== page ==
Newport Beach, CA, April 13, 2016 --(PR.com
)-- It’s Saturday morning and the sun has barely begun to peek over the horizon. A boat glides through the water as eight bodies move together, propelling the shell almost silently, but quickly. The rowers move simultaneously in their seats, as the wheels echo across the bay, and the blades glide in and out of the water. There is a beauty in the quiet determination of the rowers. A respite from the daily chaos of life through watching their confidence as they take each stroke. This is what most onlookers see. The action looks simple. But there is a torrent beneath the surface. As the oarsmen slice through the water and pry the boat down the course, they unquestionably follow the cadence of their coxswain's call “catch-swing-send.” The water is disrupted, churned - an unseen war is waged.
The Newport Sea Base is a Boy Scouts of America facility, which sits on PCH overlooking Newport harbor and is home to Newport Sea Base Rowing (NSBR). The program has existed for less than two years and was created as a response to the need for more options for athletes in Orange County who have a desire to row. In the brief time since the program's inception, members of NSBR have been subject to bullying and harassment at school as well as online, property vandalization, and slander by members of another organization. The program itself has experienced incidences of graffiti, stolen property, and trespassing. Program coaches, board members, and the Sea Base director have reached out to both the offending organization as well as the school to attempt and protect the athletes from the attacks, but to no avail. The slurs shouted across the campus continue, the athletes take a longer route to avoid inciting harassment, and one has even left school to get away from the problems.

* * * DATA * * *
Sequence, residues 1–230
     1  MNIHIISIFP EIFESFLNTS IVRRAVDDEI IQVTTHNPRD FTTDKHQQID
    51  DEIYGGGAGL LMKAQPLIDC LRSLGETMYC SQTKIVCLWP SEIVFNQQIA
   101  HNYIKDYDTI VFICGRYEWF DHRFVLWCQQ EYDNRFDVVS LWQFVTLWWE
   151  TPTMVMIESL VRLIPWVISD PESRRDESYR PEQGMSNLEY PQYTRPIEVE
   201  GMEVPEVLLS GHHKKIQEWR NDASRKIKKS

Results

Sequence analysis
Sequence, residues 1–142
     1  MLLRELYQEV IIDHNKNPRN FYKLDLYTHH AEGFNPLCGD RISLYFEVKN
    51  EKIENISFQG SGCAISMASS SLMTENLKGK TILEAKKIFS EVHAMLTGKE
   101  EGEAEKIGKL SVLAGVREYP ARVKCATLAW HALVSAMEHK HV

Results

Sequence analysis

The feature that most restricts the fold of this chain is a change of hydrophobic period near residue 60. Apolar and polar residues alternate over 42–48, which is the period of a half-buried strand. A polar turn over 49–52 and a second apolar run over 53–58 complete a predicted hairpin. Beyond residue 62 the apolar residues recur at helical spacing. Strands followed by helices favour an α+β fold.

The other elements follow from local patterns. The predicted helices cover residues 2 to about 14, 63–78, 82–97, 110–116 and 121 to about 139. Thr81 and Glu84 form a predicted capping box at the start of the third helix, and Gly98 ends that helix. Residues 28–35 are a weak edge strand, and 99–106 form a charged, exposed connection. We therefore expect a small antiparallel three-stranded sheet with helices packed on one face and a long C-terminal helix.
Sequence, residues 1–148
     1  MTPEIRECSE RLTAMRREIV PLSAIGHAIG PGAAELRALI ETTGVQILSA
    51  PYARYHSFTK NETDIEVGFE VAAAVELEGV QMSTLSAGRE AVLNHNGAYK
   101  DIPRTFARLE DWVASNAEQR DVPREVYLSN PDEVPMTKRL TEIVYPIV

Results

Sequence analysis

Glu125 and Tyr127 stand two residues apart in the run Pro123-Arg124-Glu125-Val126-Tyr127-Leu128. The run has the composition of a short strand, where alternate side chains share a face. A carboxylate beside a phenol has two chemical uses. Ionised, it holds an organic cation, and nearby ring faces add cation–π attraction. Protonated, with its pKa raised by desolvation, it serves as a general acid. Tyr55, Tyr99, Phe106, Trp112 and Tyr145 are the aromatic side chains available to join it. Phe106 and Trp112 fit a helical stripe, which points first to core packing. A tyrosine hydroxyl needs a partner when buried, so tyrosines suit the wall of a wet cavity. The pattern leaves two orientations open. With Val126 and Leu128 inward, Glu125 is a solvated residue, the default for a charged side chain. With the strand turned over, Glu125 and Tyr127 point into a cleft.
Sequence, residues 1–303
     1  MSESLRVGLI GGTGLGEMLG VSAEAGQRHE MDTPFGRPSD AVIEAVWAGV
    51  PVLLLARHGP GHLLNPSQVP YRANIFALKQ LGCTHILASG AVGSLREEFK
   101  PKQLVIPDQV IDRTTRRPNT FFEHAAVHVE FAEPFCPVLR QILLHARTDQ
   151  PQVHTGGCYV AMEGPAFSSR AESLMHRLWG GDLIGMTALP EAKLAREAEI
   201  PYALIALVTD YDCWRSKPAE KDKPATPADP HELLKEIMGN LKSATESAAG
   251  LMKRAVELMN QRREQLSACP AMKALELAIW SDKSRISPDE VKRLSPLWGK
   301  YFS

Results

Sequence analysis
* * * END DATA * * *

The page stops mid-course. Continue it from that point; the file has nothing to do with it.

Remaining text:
Despite the adversity that its athletes experience, NSBR has flourished in the boathouse and on the water. The NSBR top boat, the Men’s Varsity Lightweight 8 is currently ranked first in the South West Region (Arizona, California, Colorado, Hawaii, Nevada, New Mexico, and Utah) and is favored to medal, if not win, at the National Championships, in June. Despite having one-fifth the number of athletes that other programs have, the team finished in third place this past weekend against 25 other programs in a regatta set-up to emulate the regional championships. Many of the female athletes are freshman, first-year competitors, and they frequently compete in the Varsity category against Juniors and Seniors who have been racing for three or more years. The majority of NSBR athletes are walk-on rowers who were simply looking for a new sport to try and have fallen in love with it. They have goals of recruitment to college, scholarships, and potential Olympic dreams.
When you are part of a rowing program, you spend countless hours day after day, year after year, training for a race that is over in 6 minutes. That’s all you have. 6 minutes to show that you worked harder, smarter, and longer. 6 minutes to prove that the bullying, the harassment, and the antagonizing was worth it. When the wind blows and the water churns choppy, you plant your blade, you pry your boat down the course - and you keep your head up!